I received an overwhelming response from readers thanking me for the spring garden calendar we published in February. It sets my mind at ease to know I'm not the only one who scribbles daily to-do lists and fills a calendar with activities to conquer. With the sweltering days of summer fast approaching, the landscape will need some TLC to survive - and hopefully thrive. Here are some reminders to keep you on top of the tasks.
1: Prune spring-flowering shrubs such as forsythia, lilac, quince and azaleas. These dried up blooms are an eyesore, and vital nutrients will continue to flow to the spent flowers.
3: Wash leaves of houseplants, re-pot them if needed and fertilize them.
4: Remove flower stakes for alliums, irises and other plants that have finished their blooming cycles.
5: Pinch the tips of herbs, chrysanthemums, impatiens, petunias and coleus to keep them bushier.
7: If it hasn't been raining, water 1 to 1 1/2 inches in one application to all of the landscape once weekly throughout the summer.
9: Prune fruit trees. They will be dropping fruit naturally, and you can aid in the process. Ideally the fruit should be 6 to 8 inches apart.
11: Cut down the dead, yellow foliage from spent bulbs such as tulips and hyacinth.
12: Fertilize strawberries with 1/2 pound of nitrogen per 100 feet; water them regularly.
14: It's Flag Day. Hang a flag in the yard to draw more attention to your landscape.
15: Stop harvesting asparagus and rhubarb but leave foliage to store food reserves. Continue to fertilize and water.
18: Prune pines and spruces.
19: Father's Day! Mow dad's lawn, but be sure not to nick the tree trunks.
21: The first day of summer. Drink a glass of lemonade on the patio.
23: Remove cool-season vegetables such as radishes, spinach and lettuce.
25: Replace pansies and violets in pots with more heat-tolerant annuals.
28: Harvest broccoli, cabbage and peas.
2: Continue to water 1 to 1 1/2 inches once a week if it is not raining.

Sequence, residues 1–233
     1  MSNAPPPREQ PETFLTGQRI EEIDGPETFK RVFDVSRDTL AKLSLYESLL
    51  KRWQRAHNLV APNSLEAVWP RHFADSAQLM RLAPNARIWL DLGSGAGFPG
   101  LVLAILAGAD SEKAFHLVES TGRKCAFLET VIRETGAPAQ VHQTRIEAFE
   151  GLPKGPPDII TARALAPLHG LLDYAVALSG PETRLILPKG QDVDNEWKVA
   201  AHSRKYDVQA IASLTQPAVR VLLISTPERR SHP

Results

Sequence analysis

3: Take the lawnmower in for annual maintenance.
4: Whip up a fabulous dish for a Fourth of July celebration. Harvest tomatoes, squash, okra, peppers, beans and cucumbers frequently to promote more production.
6: Pinch off faded rose blooms.
8: Harvest raspberries when they are fully colored and easily removed from their stems.
12: Dig, divide and re-plant (or share) irises and lilies.
16: Remove any "sucker growth" from the base of trees and large branches.
17: Don't forget to water outdoor pots and hanging baskets almost daily and fertilize them weekly.
18: Keep all newly planted spring plants well-watered to establish healthy root systems.
20: Harvest pears from the tree when they are light to dark green. Pears are best when they ripen off of the tree; so let them yellow in your fruit bowl.
22: Bring in some fresh cut flowers to enjoy over the weekend.
23: Throw down some mulch if you haven't already. It will keep weeds to a minimum and make water go further.
26: Inspect the garden for grubs and other insects; if you see them, you may want to apply insecticide.
28: Start seeds for fall crops such as cabbage, kale, broccoli and cauliflower.
2: Continue to water 1 to 1 1/2 inches with a one-time weekly application.
3: Continue to weed and deadhead spent blooms.
5: Harvest onions after the tops are yellow.
6: Harvest potatoes when their tops are yellow and corn when the kernels ooze a milky substance when pierced.
8: Fertilize asters, mums, sedum and other fall-blooming perennials.
11: Sow carrots, beets, kale and snap beans.
13: Seed a new lawn or fill in bare spots in an existing one.
16: Sow hollyhocks, poppies and larkspur for spring blooms.
19: Peruse gardening catalogs and order spring flowering bulbs for planting this autumn.
21: Prune dead blooms from roses.
24: To conserve water, let the lawn go dormant and brown, but be sure to continue watering plants.
25: Don't forget to water outdoor pots and hanging baskets daily and fertilize weekly.
26: Bring some cut flowers indoors.
27: Turn your compost pile.
31: Breathe a sigh of relief that the cooler days of autumn are on the way!